Some of the other brands you’ll find videos for in the playlist (and linked directly below) include Haibike, Big Cat, Bosch, Tempo, Vintage Electric, BESV, SmartMotion, Tern, Raleigh, IZIP, COBI Connected Bike Interface, Biomega, Volton, Skyway, OHM and BionX, Enzo Ebike, Magnum, Ariel Rider, Scott, Yamaha and Easy Motion as well as some informal conversationwith a dealer friend who runs Cynergy E-Bikes and Jason Kraft who created the Liberty Trike. Once the trip was finished, Mony and I hit the road traveling through Utah and Colorado where we made a fun Vlog (video blog) showing our time exploring the wilderness, meeting new friends at AirBB locations and demoing a couple of Yunbikes with a full time RVer we met randomly at… you guessed it! a taco shack, where I did NOT get sick :D That video is posted below in case you’d like to join in on our little adventure.

Until next year, we’ll be on the road, filming electric bike reviews and producing interesting short videos of people, events and places that pique our interest. If you live somewhere cool and want to host us or just say hi feel free to comment below. We tend to drive for a day or two then settle for several days to meet with companies and film. If you have suggestions for what to film at future Interbike events or later this year or just questions about what we saw in 2016 feel free to shout out below :)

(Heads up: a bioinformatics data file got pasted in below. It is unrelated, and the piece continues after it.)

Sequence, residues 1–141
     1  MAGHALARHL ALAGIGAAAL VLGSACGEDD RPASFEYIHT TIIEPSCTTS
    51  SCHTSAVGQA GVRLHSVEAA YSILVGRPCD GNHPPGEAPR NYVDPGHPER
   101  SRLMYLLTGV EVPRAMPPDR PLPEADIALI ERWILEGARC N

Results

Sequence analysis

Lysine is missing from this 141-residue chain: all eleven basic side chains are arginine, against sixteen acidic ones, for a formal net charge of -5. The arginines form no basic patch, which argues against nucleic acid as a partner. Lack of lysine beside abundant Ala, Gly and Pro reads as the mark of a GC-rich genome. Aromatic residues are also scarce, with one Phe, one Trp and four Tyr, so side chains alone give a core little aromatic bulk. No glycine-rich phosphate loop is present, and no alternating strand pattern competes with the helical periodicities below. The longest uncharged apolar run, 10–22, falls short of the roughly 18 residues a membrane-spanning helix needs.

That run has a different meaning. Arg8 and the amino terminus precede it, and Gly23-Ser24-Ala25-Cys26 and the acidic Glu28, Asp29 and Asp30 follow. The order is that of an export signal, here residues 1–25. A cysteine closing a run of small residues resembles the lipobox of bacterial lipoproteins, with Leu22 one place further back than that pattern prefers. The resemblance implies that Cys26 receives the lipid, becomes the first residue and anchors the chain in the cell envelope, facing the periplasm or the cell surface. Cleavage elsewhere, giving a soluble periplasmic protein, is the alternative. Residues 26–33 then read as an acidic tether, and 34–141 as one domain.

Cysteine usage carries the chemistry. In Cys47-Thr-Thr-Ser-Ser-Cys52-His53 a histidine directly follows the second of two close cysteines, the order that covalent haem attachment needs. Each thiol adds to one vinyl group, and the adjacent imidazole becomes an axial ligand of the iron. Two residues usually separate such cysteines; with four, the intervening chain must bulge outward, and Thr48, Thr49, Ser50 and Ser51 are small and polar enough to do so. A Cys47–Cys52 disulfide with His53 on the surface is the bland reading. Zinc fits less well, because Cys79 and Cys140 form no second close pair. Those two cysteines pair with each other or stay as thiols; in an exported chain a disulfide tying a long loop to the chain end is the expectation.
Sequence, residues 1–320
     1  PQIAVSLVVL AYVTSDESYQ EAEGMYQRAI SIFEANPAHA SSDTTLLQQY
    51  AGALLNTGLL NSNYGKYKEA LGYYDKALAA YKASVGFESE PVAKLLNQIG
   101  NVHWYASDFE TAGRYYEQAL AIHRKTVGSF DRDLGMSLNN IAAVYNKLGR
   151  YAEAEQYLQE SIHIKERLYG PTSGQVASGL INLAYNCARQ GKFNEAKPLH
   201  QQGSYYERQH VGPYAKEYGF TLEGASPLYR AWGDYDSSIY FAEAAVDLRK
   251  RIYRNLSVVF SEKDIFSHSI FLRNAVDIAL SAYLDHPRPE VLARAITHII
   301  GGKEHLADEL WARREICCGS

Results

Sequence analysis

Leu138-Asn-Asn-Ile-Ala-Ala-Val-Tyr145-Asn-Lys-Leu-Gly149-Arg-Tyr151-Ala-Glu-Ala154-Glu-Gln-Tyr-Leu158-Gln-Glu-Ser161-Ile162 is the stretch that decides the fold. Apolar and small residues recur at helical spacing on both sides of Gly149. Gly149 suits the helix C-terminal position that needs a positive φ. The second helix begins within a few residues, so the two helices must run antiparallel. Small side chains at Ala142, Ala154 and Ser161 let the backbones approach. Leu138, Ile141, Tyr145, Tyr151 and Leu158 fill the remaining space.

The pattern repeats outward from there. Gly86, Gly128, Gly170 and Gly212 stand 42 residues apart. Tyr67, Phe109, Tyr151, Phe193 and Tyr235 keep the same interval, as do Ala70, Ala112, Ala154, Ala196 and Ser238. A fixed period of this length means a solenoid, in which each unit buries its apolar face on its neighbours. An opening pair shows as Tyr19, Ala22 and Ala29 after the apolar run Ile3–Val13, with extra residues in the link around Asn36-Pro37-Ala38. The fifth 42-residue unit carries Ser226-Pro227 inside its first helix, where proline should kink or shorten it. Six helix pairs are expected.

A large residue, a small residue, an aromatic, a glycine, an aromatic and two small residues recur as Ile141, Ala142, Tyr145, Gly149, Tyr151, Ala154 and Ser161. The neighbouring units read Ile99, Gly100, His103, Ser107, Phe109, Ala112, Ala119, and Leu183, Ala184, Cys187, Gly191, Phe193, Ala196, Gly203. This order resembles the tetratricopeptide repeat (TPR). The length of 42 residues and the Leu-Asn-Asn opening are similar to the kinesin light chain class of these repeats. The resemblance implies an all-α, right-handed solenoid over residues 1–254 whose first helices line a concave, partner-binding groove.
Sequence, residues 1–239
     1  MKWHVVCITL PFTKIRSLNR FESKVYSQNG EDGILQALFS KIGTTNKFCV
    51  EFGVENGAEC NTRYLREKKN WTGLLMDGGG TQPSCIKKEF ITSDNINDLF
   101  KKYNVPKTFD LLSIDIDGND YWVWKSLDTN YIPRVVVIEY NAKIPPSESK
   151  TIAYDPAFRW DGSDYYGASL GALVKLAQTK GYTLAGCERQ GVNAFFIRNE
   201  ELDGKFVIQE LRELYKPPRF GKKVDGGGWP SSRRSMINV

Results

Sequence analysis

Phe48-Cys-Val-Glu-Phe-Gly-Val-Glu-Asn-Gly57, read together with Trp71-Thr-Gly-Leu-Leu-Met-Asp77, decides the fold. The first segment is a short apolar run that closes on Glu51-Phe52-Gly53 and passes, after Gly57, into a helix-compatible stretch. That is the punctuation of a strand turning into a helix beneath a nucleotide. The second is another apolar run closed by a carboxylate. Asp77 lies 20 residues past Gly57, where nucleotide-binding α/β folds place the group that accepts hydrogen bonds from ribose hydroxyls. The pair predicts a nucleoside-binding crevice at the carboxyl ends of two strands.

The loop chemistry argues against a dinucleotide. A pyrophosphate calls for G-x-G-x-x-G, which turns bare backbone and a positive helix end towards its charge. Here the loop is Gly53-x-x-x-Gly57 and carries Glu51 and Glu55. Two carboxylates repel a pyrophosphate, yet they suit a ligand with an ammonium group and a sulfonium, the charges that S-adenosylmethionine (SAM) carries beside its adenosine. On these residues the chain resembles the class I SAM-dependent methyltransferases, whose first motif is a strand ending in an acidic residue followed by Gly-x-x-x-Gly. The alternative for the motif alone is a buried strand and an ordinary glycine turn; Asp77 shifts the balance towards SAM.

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Following are some of the original comments that were made on that post:

Court, thanks to your great video coverage of Interbike 2016, I was able to spot the 2017 Enzo folding e-bike with the mid-mount 350 Watt Bafang motor. I bought the white one sitting on the Podium, which I heard you charmed by actually test driving it on-site! So I’m the first person in the US to own that model. I’m very happy with the balance, ease of transport and the quiet motor. I will come back to you with a fuller report after I get used to the trigger shifter and get a few tweaks done at the shop. Lisa Schulz